Memphis officer accused in deadly accident released on his own recognizance


MEMPHIS, Tenn. — The Memphis Police officer arrested following a deadly accident appeared in court on Wednesday.

Judge Bill Anderson allowed Antonio Marshall to be released on his own recognizance on Wednesday, just hours after he turned himself in on two counts of vehicular homicide. A judge also ordered he undergo a mental exam and told him not to have contact with the families.

Marshall has a history in the military and law enforcement, which gave precedence for him to be released, but he didn’t look the part. He had to be wheeled into court and was wearing a walking boot. He also didn’t answer any questions when confronted by reporters.

After hearing the decision, family members stormed out in anger.

“Only thing I would say to him, we just need justice. We’re going to put everything in the good Lord’s hands,” said Susan Hunt. “He didn’t have sense enough to tell the family that he’s sorry or anything. He didn’t have sense enough to do that.”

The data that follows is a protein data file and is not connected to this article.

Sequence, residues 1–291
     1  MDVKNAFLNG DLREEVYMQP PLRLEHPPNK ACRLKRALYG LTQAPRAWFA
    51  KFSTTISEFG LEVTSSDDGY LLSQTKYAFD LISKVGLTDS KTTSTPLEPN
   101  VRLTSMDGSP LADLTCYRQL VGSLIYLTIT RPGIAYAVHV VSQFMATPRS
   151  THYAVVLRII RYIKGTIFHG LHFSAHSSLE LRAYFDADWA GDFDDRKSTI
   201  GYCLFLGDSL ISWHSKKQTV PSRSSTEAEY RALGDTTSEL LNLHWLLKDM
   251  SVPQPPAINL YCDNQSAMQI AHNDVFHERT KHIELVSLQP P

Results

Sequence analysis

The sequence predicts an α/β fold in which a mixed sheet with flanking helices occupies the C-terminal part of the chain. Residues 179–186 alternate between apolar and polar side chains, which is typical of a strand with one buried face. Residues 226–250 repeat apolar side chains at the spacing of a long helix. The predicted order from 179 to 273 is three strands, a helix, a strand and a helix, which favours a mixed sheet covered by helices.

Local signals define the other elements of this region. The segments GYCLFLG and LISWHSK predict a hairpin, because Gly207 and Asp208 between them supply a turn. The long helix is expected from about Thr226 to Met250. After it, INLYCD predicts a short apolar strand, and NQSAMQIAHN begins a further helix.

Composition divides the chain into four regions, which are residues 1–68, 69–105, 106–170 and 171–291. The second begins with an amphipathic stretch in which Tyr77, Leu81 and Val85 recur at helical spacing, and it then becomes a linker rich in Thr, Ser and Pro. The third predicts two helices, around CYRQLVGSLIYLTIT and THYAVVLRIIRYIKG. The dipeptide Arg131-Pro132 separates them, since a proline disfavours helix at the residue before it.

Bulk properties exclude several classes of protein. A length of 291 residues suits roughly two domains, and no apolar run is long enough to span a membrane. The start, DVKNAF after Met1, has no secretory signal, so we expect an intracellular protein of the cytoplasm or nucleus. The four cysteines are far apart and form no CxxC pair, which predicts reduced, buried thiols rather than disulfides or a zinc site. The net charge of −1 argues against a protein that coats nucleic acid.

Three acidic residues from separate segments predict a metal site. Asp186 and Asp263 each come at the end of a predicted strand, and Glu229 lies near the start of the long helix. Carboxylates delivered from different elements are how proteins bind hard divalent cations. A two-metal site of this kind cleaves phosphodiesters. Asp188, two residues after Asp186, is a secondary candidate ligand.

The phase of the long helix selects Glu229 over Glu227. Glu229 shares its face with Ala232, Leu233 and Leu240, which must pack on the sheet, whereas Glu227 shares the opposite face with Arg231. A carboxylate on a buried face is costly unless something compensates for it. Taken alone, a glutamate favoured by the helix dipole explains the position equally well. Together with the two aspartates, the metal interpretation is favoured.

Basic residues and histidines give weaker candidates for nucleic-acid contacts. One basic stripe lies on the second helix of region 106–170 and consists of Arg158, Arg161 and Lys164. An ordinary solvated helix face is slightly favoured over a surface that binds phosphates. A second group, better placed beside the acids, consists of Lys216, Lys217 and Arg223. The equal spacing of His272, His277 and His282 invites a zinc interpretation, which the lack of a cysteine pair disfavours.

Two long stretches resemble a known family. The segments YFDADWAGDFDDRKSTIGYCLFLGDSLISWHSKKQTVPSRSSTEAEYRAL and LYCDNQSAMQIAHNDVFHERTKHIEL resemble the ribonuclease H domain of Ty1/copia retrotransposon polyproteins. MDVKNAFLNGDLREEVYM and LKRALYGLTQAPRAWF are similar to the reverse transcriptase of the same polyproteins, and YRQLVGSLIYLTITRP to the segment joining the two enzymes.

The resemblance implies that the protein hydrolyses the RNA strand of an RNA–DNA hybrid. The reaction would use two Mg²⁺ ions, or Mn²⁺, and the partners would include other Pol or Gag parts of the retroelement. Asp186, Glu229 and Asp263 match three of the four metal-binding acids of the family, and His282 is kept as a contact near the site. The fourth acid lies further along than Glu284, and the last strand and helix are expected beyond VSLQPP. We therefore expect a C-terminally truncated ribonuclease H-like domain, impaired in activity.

According to police, Marshall was in his Dodge Charger traveling 99 mph when it hit a Pontiac Bonneville that was pulling into traffic near the corner of Walnut Grove and Timber Creek Drive on June 25.

Police said five seconds before the crash Marshall was traveling 114 mph. The speed limit on Walnut Grove is 45 mph. An MPD crash report states Marshall was “racing” and engaging in “aggressive driving/road rage.”

Court records show that the impact was so severe, the Bonneville was split in two and both individuals inside — Travis Parham, 19, and Wallace Morris, 42 — were ejected. The front half of the vehicle became trapped underneath Marshall’s car and he dragged it over 214 yards.

Marshall was transported to Regional One Hospital in non-critical condition. Both victims were pronounced dead on the scene.

Marshall has been relieved of duty pending the outcome of the investigation.

His attorney, Blake Ballin, said Marshall was “unbelievably distraught for the victims here. There will be an appropriate time where he can address the victims’ family.”

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